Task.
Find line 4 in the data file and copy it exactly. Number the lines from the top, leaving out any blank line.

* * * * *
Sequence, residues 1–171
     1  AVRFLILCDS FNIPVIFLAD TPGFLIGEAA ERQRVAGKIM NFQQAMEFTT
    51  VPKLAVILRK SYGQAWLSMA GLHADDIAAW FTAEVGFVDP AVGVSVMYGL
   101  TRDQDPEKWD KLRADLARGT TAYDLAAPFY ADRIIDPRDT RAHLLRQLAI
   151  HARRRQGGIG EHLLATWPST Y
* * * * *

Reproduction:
   101  TRDQDPEKWD KLRADLARGT TAYDLAAPFY ADRIIDPRDT RAHLLRQLAI